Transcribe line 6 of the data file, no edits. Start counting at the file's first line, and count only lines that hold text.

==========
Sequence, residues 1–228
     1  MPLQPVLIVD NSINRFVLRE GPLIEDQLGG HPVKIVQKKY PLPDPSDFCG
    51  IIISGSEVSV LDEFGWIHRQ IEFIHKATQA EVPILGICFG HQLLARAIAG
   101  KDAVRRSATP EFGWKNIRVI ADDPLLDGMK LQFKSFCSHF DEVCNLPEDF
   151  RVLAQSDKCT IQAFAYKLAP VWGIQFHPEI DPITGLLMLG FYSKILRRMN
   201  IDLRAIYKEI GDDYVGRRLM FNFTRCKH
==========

   201  IDLRAIYKEI GDDYVGRRLM FNFTRCKH